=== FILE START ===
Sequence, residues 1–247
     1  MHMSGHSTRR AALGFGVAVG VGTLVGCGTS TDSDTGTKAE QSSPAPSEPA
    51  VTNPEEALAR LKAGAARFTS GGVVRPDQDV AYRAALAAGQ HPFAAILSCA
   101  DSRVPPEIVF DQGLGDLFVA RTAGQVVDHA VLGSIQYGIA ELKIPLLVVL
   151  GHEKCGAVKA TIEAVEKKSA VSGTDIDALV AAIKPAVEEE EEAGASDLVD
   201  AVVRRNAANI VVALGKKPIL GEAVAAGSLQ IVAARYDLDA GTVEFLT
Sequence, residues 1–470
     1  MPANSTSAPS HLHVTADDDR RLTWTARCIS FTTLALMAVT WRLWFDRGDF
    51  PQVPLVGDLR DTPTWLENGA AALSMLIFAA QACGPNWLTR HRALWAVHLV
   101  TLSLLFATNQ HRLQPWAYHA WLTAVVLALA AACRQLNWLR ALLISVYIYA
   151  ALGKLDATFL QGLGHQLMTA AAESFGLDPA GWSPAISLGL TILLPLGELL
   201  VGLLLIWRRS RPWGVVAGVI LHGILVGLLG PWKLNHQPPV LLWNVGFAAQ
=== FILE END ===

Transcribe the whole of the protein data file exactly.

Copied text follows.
Sequence, residues 1–247
     1  MHMSGHSTRR AALGFGVAVG VGTLVGCGTS TDSDTGTKAE QSSPAPSEPA
    51  VTNPEEALAR LKAGAARFTS GGVVRPDQDV AYRAALAAGQ HPFAAILSCA
   101  DSRVPPEIVF DQGLGDLFVA RTAGQVVDHA VLGSIQYGIA ELKIPLLVVL
   151  GHEKCGAVKA TIEAVEKKSA VSGTDIDALV AAIKPAVEEE EEAGASDLVD
   201  AVVRRNAANI VVALGKKPIL GEAVAAGSLQ IVAARYDLDA GTVEFLT
Sequence, residues 1–470
     1  MPANSTSAPS HLHVTADDDR RLTWTARCIS FTTLALMAVT WRLWFDRGDF
    51  PQVPLVGDLR DTPTWLENGA AALSMLIFAA QACGPNWLTR HRALWAVHLV
   101  TLSLLFATNQ HRLQPWAYHA WLTAVVLALA AACRQLNWLR ALLISVYIYA
   151  ALGKLDATFL QGLGHQLMTA AAESFGLDPA GWSPAISLGL TILLPLGELL
   201  VGLLLIWRRS RPWGVVAGVI LHGILVGLLG PWKLNHQPPV LLWNVGFAAQ